believe that the proper focus should be on whether the insured’s wilful conduct has, or may reasonably
have, precluded the insurer from establishing a legitimate jury issue of the insured’s liability, either liability
vel non or for the damages awarded. We think that standard represents the most appropriate balance.
It does not require that the insurer meet what the Applemans regard as the “almost insurmountable burden
of proving that the verdict was the result of the lack of cooperation.” 8 JOHN AND JEAN APPLEMAN,
INSURANCE LAW AND PRACTICE, § 4773 at 228 (1981). It does require, however, that the insurer
show that the failure of cooperation has, in a signi icant way, precluded or hampered it from presenting a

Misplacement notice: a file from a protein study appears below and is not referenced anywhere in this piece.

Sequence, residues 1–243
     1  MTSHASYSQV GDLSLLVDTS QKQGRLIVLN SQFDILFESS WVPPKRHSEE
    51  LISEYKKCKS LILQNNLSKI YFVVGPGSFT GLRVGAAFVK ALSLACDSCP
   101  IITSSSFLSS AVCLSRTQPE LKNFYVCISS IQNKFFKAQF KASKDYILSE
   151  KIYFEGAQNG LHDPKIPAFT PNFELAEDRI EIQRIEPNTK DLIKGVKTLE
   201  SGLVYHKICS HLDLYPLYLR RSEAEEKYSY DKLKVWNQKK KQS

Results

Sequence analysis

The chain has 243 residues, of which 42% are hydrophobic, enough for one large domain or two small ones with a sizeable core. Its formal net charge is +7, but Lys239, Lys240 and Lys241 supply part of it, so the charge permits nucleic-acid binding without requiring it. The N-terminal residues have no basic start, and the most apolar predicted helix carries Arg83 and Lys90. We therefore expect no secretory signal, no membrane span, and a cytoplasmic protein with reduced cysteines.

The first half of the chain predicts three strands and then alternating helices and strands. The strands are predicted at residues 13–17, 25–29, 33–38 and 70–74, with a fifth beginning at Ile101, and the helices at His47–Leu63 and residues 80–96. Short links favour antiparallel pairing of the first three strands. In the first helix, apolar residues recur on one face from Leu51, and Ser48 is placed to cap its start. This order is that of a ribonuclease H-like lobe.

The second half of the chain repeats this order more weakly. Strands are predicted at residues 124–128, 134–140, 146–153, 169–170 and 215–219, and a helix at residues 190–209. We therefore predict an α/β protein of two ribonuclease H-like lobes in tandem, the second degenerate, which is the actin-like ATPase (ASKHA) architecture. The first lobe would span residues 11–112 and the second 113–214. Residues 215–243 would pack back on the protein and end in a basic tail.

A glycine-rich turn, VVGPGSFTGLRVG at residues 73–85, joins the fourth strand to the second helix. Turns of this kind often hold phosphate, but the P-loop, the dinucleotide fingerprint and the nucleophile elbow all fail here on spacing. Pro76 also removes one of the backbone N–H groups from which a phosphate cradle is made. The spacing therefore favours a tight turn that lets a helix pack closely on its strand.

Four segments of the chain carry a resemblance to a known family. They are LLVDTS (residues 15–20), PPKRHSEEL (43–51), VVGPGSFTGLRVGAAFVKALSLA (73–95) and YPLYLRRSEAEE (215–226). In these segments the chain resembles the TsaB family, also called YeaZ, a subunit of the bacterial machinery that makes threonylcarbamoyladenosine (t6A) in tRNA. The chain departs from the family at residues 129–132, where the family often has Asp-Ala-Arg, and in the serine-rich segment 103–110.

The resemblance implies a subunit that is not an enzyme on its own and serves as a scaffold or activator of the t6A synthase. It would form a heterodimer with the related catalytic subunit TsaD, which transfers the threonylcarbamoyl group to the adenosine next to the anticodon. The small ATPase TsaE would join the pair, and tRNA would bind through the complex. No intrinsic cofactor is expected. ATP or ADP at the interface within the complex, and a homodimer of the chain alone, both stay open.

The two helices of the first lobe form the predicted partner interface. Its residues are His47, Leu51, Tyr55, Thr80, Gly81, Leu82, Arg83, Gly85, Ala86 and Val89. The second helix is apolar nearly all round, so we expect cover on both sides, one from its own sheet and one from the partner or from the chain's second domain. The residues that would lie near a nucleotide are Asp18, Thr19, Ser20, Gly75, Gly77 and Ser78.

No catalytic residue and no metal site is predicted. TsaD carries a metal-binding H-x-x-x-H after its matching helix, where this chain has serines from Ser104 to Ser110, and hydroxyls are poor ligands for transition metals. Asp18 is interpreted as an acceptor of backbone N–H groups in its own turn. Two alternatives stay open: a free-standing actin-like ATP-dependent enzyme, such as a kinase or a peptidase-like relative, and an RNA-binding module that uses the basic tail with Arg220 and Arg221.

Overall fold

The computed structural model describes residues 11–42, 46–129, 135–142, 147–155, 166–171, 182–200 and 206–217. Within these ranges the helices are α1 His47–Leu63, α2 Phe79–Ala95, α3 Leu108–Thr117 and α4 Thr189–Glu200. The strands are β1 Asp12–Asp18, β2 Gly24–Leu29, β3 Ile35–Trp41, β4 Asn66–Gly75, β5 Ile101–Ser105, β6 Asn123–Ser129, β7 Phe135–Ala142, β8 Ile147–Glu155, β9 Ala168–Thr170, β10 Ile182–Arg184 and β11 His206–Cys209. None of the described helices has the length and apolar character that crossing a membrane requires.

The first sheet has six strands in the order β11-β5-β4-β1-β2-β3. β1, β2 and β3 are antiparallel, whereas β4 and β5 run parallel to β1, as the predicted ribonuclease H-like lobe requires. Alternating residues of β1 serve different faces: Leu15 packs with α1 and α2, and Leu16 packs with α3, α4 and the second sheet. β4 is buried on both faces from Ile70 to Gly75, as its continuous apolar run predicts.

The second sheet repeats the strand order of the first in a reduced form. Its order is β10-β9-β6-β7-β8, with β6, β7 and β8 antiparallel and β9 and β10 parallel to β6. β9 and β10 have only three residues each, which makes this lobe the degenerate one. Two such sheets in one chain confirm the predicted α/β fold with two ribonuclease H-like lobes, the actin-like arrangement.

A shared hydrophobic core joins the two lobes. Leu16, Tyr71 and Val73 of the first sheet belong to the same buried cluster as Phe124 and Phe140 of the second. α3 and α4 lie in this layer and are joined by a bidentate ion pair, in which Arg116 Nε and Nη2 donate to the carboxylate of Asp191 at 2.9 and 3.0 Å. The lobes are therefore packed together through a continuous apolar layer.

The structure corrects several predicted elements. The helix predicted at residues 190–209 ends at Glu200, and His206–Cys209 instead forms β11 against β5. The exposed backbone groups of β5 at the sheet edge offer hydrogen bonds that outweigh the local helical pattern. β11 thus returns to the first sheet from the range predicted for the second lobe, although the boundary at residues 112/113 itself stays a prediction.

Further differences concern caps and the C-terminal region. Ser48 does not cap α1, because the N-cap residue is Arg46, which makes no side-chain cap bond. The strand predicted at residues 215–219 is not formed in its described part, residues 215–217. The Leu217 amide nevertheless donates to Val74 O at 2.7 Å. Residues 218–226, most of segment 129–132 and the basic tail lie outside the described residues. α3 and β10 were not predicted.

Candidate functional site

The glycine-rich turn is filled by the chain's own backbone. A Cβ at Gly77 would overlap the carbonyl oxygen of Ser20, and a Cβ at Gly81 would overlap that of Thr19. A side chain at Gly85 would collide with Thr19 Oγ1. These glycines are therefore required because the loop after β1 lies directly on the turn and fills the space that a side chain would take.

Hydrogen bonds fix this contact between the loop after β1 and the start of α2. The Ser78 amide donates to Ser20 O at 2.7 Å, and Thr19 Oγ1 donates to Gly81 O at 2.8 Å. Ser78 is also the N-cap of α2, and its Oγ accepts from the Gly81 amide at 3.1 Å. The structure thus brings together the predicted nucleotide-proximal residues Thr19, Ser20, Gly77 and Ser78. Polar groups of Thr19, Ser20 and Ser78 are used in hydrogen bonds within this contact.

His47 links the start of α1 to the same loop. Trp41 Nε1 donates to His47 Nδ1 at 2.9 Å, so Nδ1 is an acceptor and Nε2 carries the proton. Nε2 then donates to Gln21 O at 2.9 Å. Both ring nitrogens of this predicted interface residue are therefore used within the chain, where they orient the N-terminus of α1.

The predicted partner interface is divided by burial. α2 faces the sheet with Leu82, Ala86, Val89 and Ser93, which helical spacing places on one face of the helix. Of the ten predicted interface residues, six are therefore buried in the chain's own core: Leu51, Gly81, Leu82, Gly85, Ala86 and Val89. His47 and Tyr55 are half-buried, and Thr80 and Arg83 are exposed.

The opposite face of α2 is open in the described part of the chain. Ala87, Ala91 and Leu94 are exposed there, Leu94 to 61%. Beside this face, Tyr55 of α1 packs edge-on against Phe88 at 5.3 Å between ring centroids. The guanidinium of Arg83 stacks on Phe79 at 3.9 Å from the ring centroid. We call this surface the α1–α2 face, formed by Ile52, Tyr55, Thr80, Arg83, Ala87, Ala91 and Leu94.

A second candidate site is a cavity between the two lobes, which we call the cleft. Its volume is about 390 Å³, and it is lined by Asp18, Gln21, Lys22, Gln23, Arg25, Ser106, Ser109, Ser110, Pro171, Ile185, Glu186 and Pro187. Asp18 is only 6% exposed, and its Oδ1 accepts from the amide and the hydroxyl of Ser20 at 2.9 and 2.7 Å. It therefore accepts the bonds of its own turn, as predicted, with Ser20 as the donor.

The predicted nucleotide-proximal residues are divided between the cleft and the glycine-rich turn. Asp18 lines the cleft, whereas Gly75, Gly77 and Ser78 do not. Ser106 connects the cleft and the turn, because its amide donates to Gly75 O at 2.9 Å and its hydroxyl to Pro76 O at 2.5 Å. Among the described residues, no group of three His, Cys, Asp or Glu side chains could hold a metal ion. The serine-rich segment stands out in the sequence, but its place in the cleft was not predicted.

credible defense to the claim.
The Prejudice Here
The prejudice here, of course, goes beyond merely the loss of Kirby’s testimony. By reason of
her wilful failure to cooperate in providing discovery — her refusal to attend her twice-scheduled deposition
or cooperate in a further rescheduling of it, her refusal to assist in responding to properly filed
interrogatories and demands for documents — and her refusal to attend trial, State Farm was precluded
from offering any evidence in defense of the claim. It is not a question, then, of whether, with or without
her intransigent conduct, State Farm may have been able to develop some other helpful evidence; even if
it had been able to do so, State Farm would havebeen unable to present it. Indeed, helpful evidence, in
the form of Ms. Weiner’s testimony, did exist, but, due to Kirby’s conduct, it was unusable.
Unquestionably, under a Davies-type standard, there was actual prejudice.
We come, then, to the nub of the case — the nature and extent of the prejudice. The trial court
adopted the Harleysville standard, requiring the insurer to establish a substantial likelihood that, if the